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ARS Home » Southeast Area » Athens, Georgia » U.S. National Poultry Research Center » Quality & Safety Assessment Research » Research » Publications at this Location » Publication #394026

Research Project: Assessment of Quality Attributes of Poultry Products, Grain, Seed, Nuts, and Feed

Location: Quality & Safety Assessment Research

Title: Comparative performance of NIR-Hyperspectral imaging systems

item MA, TE - Nagoya University
item SCHIMLECK, LAURENCE - Oregon State University
item DAHLEN, JOSEPH - University Of Georgia
item Yoon, Seung-Chul
item INAGAKI, TETSUYA - Nagoya University
item TSUCHIKAWA, SATORU - Nagoya University
item SANDAK, JAKUB - University Of Primorska
item SANDAK, ANNA - University Of Primorska

Submitted to: Foundations
Publication Type: Peer Reviewed Journal
Publication Acceptance Date: 6/16/2022
Publication Date: 6/22/2022
Citation: Ma, T., Schimleck, L., Dahlen, J., Yoon, S.C., Inagaki, T., Tsuchikawa, S., Sandak, J., Sandak, A. 2022. Comparative performance of NIR-Hyperspectral imaging systems. Foundations.

Interpretive Summary: The use of near-infrared hyperspectral imaging (NIR-HSI) in the spectral range either between 900 nm and 1700 nm or 1000 nm and 2500 nm is rapidly expanding in a variety of fields, ranging from plants and biological materials to food quality and safety. Similarly, wood-related NIR-HSI research is being increasingly reported in the literature. Conventional NIR spectroscopy (NIRS) provides very high spectral resolution, but the spectral information is only limited to a relatively small spatial area. This may be disadvantageous when heterogenic materials such as large wood specimens (e.g., logs, lumber, or even cross-sectional discs) are analyzed because it is difficult to adequately represent a within-sample variation without collecting spectra from multiple sampling locations with a spectrometer. It has been demonstrated that spectral data provided by NIR-HSI images produce wood property calibrations whose performance is equivalent to those obtained using a benchtop NIRS spectrometer. Although this result was encouraging as compared to NIRS technology, NIR-HSI cameras still have a lower spectral resolution compared with NIR benchtop spectrometers. Furthermore, because NIR-HSI cameras vary considerably in terms of their spectral and spatial resolutions and wavelength ranges among different camera manufacturers, the performance of wood property calibrations may be influenced by these factors. Hence, this study utilized three different NIR-HSI cameras to acquire images from the transverse surface of one-hundred Douglas-fir (Pseudotsuga menziesii) samples and develop and compare calibration models and their predictive performance. The NIR-HSI camera-based models to predict specific gravity (SG) and stiffness (MOE ) were compared with those based on a benchtop NIRS spectrometer. The results indicated that the 900 - 1700 nm range of a NIR-HSI camera provided the best models for MOE, whereas all three HSI cameras provided similar SG results. The models based on the NIRS spectrometer heavily favored wavelengths greater than 1900 nm.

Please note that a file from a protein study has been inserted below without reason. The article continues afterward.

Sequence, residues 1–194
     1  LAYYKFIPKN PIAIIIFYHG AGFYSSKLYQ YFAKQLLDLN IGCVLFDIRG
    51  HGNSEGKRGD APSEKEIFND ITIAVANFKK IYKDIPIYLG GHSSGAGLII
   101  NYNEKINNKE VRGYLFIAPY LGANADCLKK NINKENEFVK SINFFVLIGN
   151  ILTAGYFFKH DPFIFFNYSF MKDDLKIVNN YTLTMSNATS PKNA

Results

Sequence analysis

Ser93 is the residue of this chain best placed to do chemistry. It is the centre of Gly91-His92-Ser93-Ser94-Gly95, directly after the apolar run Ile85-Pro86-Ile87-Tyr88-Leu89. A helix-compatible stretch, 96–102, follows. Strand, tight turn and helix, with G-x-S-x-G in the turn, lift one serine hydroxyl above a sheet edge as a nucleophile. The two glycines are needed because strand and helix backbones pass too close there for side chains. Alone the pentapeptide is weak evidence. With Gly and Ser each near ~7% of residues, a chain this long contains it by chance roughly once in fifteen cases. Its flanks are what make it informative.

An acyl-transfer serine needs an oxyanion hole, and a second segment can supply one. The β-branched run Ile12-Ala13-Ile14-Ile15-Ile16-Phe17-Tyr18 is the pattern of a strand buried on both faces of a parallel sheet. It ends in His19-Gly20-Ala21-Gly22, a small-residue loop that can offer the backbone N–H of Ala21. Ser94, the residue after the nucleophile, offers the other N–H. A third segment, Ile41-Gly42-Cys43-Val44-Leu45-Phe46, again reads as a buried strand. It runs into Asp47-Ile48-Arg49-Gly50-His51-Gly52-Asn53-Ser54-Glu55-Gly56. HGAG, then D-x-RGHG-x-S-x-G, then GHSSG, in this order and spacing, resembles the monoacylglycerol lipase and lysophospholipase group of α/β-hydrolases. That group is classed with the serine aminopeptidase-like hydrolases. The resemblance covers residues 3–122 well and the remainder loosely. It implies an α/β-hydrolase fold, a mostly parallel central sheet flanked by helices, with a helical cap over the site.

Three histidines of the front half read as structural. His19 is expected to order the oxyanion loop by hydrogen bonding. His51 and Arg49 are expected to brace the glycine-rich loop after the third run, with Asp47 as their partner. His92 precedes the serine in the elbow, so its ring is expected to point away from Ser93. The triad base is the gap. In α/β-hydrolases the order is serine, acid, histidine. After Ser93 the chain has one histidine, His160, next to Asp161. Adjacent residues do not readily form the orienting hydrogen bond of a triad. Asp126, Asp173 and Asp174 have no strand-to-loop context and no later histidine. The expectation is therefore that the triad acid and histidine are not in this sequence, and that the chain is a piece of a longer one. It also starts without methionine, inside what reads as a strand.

Technical Abstract: Near-infrared (NIR) spectroscopy (NIRS) allows for the rapid estimation of a wide range of wood properties, and it is now one of a suite of tools available for nondestructive evaluation. Typically, NIRS studies on wood have utilized benchtop spectrometers where the sample (e.g. solid wood, milled wood, chips) is either placed in front of the NIR beam, or the spectrometer is fitted with a fiber-optic probe. Over the last 20 years, efforts to utilize NIR hyperspectral imaging (NIR-HSI) to examine wood and wood products have increased in a variety of applications. Compared to benchtop NIR systems, NIR-HSI has several advantages (e.g. speed, visualization of spatial variability), but the data typically has a lower spectral resolution, or spectral sampling interval (SSI), and signal-to-noise ratio, compared to NIRS. Furthermore, the SSI and wavelength range varies considerably among different NIR-HSI cameras. NIR-HSI systems based on indium gallium arsenide (InGaAs) detectors have a wavelength range typically from 900-1700 nm, while short-wave infrared hyperspectral imaging (SWIR-HSI) systems based on mercury cadmium telluride (MCT) detectors have the ‘full’ NIR wavelength range from 1000-2500 nm similar to benchtop NIRS spectrometers. These factors may influence the performance of wood property calibrations. Thus, in this study, we compared commercially available one NIR-HSI (900 – 1700 nm) and two SWIR-HSI (1000 – 2500 nm) cameras with a NIRS benchtop spectrometer (900 – 2500 nm). Performance of calibration and prediction models on specific gravity (SG) and stiffness (MOE) was compared with one-hundred Douglas-fir (Pseudotsuga menziesii) samples. The limited wavelength range of a NIR-HSI camera provided the best models for MOE, whereas all three NIR-HSI and SWIR-HSI cameras provided similar SG results. The models based on the NIRS spectrometer heavily favored wavelengths greater than 1900 nm.